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May 28, 2022

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Clark County Prosecutor Golik joins police oversight board

Office will examine officer-involved cases of deadly force

By , Columbian Assistant Metro Editor
3 Photos
Clark County Prosecutor Tony Golik will serve on an 11-member Office of Independent Investigations advisory board. The newly created panel will handle cases involving police use of deadly force.
Clark County Prosecutor Tony Golik will serve on an 11-member Office of Independent Investigations advisory board. The newly created panel will handle cases involving police use of deadly force. (Amanda Cowan/The Columbian) Photo Gallery

For years, Clark County Prosecutor Tony Golik has been among those in the criminal justice system who have discussed trying to increase independence in investigations of police use of deadly force.

“We’ve seen this as something we should work on, an area the public is much more concerned with,” he said.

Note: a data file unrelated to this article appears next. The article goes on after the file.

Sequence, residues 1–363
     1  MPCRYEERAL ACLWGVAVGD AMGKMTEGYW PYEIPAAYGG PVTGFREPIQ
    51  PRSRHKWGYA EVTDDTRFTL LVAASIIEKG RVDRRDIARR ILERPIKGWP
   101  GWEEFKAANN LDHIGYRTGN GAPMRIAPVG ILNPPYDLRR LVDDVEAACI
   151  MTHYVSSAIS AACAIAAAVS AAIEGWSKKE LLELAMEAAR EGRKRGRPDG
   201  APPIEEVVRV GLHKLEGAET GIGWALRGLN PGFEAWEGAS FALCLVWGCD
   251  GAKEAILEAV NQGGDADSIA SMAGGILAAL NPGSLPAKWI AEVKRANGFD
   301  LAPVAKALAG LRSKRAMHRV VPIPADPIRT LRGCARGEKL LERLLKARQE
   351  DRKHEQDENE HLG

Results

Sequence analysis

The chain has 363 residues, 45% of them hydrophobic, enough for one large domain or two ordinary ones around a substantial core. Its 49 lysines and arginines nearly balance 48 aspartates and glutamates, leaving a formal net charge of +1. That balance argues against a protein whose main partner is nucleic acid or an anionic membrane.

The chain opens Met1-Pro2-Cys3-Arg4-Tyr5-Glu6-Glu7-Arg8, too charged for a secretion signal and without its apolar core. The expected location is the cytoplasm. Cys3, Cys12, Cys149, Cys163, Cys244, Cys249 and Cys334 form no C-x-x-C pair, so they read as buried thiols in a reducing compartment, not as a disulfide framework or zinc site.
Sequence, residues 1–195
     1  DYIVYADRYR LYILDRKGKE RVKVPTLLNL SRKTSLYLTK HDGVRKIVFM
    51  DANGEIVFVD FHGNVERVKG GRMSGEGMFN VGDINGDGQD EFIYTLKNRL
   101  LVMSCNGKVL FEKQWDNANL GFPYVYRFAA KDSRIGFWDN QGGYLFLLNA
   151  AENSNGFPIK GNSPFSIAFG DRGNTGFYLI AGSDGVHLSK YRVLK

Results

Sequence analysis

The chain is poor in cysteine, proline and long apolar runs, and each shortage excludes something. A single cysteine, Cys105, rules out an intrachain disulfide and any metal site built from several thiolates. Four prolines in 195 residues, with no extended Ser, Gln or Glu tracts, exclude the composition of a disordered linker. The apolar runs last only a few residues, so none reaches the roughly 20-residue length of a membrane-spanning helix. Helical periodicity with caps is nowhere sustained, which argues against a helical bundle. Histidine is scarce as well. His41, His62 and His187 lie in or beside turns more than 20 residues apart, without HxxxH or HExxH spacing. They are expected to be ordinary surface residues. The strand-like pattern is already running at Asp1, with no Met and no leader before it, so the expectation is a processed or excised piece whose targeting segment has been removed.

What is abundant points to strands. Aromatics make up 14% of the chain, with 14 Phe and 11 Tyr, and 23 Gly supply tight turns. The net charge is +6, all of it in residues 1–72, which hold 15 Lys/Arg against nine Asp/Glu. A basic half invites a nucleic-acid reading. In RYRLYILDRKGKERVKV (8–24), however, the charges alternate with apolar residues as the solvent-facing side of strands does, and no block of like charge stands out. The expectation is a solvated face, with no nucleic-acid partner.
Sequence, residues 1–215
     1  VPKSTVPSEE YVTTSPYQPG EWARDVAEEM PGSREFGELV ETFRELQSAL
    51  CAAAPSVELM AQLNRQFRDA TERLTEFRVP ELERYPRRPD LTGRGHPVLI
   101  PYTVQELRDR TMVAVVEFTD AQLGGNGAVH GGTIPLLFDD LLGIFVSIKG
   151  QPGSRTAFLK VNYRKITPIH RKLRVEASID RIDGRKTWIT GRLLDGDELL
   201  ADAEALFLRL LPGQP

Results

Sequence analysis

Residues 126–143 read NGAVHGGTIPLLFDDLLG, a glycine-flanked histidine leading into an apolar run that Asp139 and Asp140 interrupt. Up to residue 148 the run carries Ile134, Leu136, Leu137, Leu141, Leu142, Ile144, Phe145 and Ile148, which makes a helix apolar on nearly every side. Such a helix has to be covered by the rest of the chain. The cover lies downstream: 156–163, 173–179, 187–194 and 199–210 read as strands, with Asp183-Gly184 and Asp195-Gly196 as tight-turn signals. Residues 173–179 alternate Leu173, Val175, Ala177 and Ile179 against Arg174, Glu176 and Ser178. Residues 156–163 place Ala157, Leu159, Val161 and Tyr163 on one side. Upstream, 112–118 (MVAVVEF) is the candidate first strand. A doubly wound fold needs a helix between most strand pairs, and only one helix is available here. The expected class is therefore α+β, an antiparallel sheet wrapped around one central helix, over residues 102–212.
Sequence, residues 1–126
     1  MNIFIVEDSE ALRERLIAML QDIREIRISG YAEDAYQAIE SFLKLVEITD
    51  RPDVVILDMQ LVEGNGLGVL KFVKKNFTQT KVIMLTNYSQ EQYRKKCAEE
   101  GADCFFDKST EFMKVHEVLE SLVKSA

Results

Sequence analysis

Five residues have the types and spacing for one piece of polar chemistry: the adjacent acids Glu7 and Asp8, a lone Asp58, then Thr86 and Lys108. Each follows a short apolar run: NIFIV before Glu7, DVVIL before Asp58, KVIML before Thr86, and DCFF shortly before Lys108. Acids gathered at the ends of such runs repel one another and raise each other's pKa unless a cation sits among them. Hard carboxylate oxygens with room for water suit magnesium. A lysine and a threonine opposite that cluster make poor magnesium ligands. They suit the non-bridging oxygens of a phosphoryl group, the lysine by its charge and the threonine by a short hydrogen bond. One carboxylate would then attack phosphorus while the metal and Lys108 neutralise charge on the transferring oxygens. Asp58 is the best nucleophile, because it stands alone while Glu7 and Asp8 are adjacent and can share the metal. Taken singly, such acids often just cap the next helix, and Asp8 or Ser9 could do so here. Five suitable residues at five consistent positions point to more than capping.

Now, he’s part of an 11-member panel that will oversee the state’s newly created Office of Independent Investigations. The office, under the purview of Gov. Jay Inslee, will look into officer-involved cases of deadly force and injury.

The advisory board is tasked with providing advice to the office’s director about its establishment and operations. The director has not yet been appointed. Golik said the board has put forward three candidates from a national search for the governor to consider.

“The Office of Independent Investigations will help provide communities, families, individuals and law enforcement with reassurance that their cases are being examined and reviewed in an unbiased way,” Inslee said in a news release announcing the office’s advisory board. “While we cannot fully heal the wounds of the past, we can work to support those impacted going forward.”

Seeking independence

Inslee’s office approached Golik about serving on the panel. Golik, in turn, discussed it with the Washington Association of Prosecuting Attorneys membership, where conversations were already happening about seeking independence in both the investigative and review processes.

“I’ve been of the opinion that’s a part of the system that needs reform,” Golik said, adding that his fellow prosecutors saw him as an “obvious and reasonable choice” for the advisory board.